From the perspective of posttransplant epidemiology, patients receiving heart transplants (5/8) for DCM (4/8) are overrepresented among PBL-PTLD. Heart transplants usually account for only 10% to 30% of PTLD (2628) and DCM in turn accounts for only approximately 30% of heart transplants (29). One potential explanation is that the combination of prolonged survival of these young patients with few cardiovascular risk factors and the long interval from transplantation to diagnosis of PBL-PTLD (more than 10 years in 7/8 cases in this series) leads to selection bias. However, no association with heart transplantation has been described in plasmacytoma-like PTLD, which occurs similarly late (median time to PTLD 8.3 years (30). Another causative factor could be the relatively high level of immunosuppression after heart transplantation. In contrast to HIV-associated PBL (31), however, CD4 T-cell counts were not significantly reduced, suggesting that potent long-term iatrogenic immunosuppression causes a functional inhibition of the immune system similar to massive T-cell depletion.

It has been suggested in the past that immunosuppression with the mammalian target of rapamycin-inhibitor rapamycin might prevent EBV-induced B-cell PTLD development on the basis of in vitro data showing inhibition of LMP1-induced IL-10 production (32). Seven of eight PBL did not express LMP1 and we have previously shown that serum IL-10 levels in PTLD, whereas elevated at diagnosis, do not correlate with treatment response (33). In our case series, long-term rapamycin did not prevent PBL-PTLD development.

Finally, several aspects of PBL-PTLD lend themselves to comparison with PBL overall—in particular with the 42 case cohort by Valera et al. (12) including predominately HIV-associated cases. Epidemiologically, median age and sex at diagnosis of PBL-PTLD were remarkably similar (47 years, 75% male for PBL-PTLD vs. 48 years, 81% male for PBL). The rate of EBV-association (EBER) was also nearly identical at 63% (5/8) vs. 59%. With the exception of one case associated with primary EBV infection, the pattern of EBV latency type was identical (EBNA2 negative throughout and LMP1 0% vs. 6%). MYC rearrangements were found in a slightly lower percentage (2/6, 33%) of cases in our series versus 49% in the series of Valera et al. (12).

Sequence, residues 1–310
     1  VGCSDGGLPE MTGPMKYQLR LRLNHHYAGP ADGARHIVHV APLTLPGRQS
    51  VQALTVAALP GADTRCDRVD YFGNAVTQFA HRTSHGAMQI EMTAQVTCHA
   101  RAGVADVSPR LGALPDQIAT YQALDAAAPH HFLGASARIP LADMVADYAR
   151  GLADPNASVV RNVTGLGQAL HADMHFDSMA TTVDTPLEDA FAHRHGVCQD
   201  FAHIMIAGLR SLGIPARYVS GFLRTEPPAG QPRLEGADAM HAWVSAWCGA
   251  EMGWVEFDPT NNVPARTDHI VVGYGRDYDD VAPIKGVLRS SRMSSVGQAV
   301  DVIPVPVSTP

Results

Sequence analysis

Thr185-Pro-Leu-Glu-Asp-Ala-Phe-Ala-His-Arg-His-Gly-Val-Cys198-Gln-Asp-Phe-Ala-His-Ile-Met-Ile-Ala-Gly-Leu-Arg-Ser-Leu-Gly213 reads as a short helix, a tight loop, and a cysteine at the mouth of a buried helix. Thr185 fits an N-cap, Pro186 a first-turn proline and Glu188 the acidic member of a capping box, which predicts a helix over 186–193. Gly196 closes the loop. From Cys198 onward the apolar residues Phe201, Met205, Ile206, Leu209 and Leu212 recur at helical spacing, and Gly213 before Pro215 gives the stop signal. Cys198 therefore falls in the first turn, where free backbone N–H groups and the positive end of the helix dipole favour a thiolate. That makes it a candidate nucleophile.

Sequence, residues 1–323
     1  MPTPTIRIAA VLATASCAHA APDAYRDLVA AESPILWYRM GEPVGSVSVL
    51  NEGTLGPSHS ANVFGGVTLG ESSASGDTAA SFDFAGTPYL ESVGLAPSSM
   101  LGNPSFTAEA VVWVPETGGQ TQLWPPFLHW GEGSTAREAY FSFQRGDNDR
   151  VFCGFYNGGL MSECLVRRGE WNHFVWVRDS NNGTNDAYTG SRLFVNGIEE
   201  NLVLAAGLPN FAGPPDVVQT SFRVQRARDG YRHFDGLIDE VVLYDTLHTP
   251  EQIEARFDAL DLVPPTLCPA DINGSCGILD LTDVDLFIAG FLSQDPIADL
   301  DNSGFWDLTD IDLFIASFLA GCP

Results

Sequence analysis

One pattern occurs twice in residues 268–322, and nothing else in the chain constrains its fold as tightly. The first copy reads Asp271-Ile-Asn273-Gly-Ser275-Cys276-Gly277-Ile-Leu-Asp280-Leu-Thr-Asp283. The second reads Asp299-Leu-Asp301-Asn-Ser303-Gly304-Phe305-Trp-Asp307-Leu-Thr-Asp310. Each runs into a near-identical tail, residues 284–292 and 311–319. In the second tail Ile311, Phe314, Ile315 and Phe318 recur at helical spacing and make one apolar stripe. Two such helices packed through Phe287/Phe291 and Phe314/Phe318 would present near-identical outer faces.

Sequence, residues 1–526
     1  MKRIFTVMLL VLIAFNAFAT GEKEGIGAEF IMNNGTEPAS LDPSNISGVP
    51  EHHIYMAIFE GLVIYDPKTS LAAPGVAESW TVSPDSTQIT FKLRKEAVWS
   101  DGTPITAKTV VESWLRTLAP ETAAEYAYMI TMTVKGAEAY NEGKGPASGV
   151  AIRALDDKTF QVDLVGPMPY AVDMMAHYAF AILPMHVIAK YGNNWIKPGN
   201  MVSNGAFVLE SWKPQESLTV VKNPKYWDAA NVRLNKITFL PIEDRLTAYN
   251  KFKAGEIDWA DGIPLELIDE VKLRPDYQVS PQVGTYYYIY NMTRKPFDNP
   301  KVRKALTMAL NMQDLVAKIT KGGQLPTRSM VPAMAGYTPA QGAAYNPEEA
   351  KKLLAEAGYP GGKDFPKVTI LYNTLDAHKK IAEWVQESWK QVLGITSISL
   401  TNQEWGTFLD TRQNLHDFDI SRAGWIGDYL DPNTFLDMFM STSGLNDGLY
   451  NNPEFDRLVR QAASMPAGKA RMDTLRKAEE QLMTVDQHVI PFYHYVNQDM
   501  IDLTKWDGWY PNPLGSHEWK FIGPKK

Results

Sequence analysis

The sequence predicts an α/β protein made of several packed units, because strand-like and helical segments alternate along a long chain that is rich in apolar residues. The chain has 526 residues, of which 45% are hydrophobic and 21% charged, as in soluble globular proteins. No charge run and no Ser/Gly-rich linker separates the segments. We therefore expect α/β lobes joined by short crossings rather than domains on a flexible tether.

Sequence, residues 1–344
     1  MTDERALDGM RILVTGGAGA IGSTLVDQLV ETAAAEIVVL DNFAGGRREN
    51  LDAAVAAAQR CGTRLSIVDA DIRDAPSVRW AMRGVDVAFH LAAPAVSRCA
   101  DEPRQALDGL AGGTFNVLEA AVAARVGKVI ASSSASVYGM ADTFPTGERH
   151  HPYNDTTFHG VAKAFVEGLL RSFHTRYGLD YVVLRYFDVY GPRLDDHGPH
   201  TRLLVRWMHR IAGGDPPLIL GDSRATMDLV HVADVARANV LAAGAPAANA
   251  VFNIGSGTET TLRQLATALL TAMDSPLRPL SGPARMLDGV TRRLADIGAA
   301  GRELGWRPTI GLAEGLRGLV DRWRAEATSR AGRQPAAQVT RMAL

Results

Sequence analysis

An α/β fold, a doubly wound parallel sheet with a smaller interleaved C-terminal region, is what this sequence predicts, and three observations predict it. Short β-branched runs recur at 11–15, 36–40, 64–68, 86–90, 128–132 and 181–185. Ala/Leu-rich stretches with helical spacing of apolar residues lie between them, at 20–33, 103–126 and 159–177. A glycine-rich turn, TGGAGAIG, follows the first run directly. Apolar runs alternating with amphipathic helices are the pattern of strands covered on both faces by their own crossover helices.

To assess the clinical features, treatment options and outcome of rare PTLD subtypes, a prospective PTLD registry has been initiated in Germany in 2006. Here, we present our data on solid organ transplant recipients diagnosed with PBL-PTLD from 2006 to 2011. Treatment was at the discretion of the local physician. Clinical data on the patients in the registry are collected before, during and at least 4 weeks, 6 months, 12 and 24 months after treatment. The responsible local ethics committee approved the registry, and all patients gave written informed consent according to the Declaration of Helsinki. Follow-up data were reviewed for all patients up to November 2011. Tumor response to treatment was defined according to the WHO criteria. Disease-free survival (DFS) was defined from first evidence of CR to disease progression or to death from PTLD, whereas overall survival was defined from diagnosis of PTLD to death from any cause.